Last May, Sandra Rivera, a senior executive at chip giant Intel, received some alarming news.
Engineers spent more than five years developing a powerful new microprocessor to run their data center computing work and were confident that they had finally got it right. But at a regular morning meeting to discuss the project, signs of a potentially serious technical flaw surfaced.
The problem was so frustrating that Sapphire Rapids, the microprocessor’s codename, had to be delayed – the latest in a series of setbacks for one of Intel’s most important products in years.
“We’re pretty depressed,” said Ms. Rivera, Intel’s vice president of data center and artificial intelligence group. “It was a painful decision”
The Sapphire Rapids launch has been delayed from mid-2022 to Tuesday, nearly two years later than once expected. The long-term development of the product, which combines four chips in a single package, highlights some of the challenges Intel faced in its comeback efforts as it sought to dominate the United States basic computer technology.
Since the 1970s, Intel has been a leading player in the tiny slices of silicon that power most electronic devices, known for a variety called microprocessors that act as electronic brains in most computers. But the Silicon Valley company has lost in recent years its longstanding leadership in manufacturing technology that helped determine how quickly chips can transact.
Patrick Gelsinger, who became CEO of Intel in 2021, pledged to restore manufacturing superiority and build new US factories. He was a prominent figure when Congress debated and passed legislation last summer to reduce the U.S. reliance on chip manufacturing in Taiwan, which China claims is its territory.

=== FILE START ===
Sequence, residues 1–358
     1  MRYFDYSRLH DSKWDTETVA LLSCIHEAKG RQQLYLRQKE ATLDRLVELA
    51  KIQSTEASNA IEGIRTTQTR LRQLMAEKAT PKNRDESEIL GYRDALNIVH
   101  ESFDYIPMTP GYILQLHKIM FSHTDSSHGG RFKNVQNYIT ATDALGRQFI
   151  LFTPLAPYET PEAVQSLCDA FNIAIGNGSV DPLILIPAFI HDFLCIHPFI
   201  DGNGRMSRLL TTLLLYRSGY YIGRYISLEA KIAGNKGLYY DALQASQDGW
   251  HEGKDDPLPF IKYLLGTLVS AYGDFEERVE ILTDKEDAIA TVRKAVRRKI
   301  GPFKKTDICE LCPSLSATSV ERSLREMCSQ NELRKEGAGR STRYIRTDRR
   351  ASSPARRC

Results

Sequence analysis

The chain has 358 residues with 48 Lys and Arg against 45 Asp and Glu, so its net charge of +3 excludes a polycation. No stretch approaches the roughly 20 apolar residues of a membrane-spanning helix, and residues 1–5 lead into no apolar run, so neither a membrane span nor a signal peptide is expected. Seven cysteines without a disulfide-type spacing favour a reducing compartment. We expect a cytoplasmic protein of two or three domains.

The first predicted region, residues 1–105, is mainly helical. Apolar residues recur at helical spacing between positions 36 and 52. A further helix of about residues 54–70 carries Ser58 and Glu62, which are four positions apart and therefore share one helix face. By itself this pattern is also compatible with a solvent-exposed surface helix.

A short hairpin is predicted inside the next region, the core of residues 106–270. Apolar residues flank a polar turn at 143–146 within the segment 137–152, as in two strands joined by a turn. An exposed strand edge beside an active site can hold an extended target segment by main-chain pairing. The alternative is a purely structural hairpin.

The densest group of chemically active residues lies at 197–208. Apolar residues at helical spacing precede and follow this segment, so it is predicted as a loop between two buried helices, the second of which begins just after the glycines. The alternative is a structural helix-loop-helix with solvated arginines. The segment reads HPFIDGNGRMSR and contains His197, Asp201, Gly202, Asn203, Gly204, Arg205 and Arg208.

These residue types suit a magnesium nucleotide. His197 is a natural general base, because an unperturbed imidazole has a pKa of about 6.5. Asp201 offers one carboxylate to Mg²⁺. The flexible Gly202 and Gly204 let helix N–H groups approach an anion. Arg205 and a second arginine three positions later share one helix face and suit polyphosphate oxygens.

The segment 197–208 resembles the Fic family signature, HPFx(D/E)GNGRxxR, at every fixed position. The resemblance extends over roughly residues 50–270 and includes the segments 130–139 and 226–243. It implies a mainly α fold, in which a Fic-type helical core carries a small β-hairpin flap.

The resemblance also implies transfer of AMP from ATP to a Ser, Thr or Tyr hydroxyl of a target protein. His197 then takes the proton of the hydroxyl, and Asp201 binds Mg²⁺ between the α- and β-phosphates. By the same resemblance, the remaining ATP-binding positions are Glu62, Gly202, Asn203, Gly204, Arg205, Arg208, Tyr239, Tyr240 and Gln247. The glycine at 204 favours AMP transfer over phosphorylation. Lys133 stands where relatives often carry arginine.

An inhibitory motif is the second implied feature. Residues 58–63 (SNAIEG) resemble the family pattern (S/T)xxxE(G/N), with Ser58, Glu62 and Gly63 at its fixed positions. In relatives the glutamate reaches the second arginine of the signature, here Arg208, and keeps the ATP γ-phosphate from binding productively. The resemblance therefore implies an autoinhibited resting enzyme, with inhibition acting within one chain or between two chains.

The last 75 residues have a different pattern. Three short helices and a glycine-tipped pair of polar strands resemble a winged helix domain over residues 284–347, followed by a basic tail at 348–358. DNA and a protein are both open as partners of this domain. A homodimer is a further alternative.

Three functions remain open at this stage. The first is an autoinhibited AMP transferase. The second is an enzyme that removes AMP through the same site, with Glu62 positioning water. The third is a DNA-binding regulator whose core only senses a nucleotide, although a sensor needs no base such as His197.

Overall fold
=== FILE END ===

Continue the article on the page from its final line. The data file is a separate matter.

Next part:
Sapphire Rapids’ bumpy development has implications as to whether Intel can rally to deliver future chips on time. This is an issue that could affect PC manufacturers and cloud service providers, not to mention the millions of consumers who enjoy online services powered by Intel technology.
“What we want is a predictable, steady pace,” said Kirk Skaugen, vice president of server sales at Lenovo, a Chinese company that is planning 25 new systems based on the new processor. “Sapphire Rapids is the beginning of a journey.”
A newly machined silicon wafer containing Sapphire Rapids chips at Intel’s headquarters in Santa Clara, California, this week. Credit… Anastasiia Sapon for The New York Times
The pressure continues for Intel. With demand for chips used in personal computers plummeting, the company faces stiff competition for its most profitable business, server chips. Since Mr Gelsinger took office, Intel’s market capitalization has lost more than $120 billion in value, and the issue has Wall Street worried.
Intel plans to hold an online event Tuesday to discuss Sapphire Rapids, named after a section of the Colorado River. More formally, the product is called the 4th Gen Intel Xeon Scalable processor.
In an interview, Mr. Gelsinger said that Sapphire Rapids has had a success despite the delays. She chose Ms. Rivera to take over the unit that developed it in 2021, where Rivera uses lessons learned from experience to change the way Intel designs and tests its products. She said Intel is conducting several internal reviews of Sapphire Rapids and “we’re not done”.
Sapphire Rapids started in 2015 with discussions between a small group of Intel engineers. The product was the company’s first attempt at a new approach to chip design. Companies now routinely put tens of billions of tiny transistors in each piece of silicon, but competitors like Advanced Micro Devices and others have begun making processors from multiple chips packed together in plastic packages.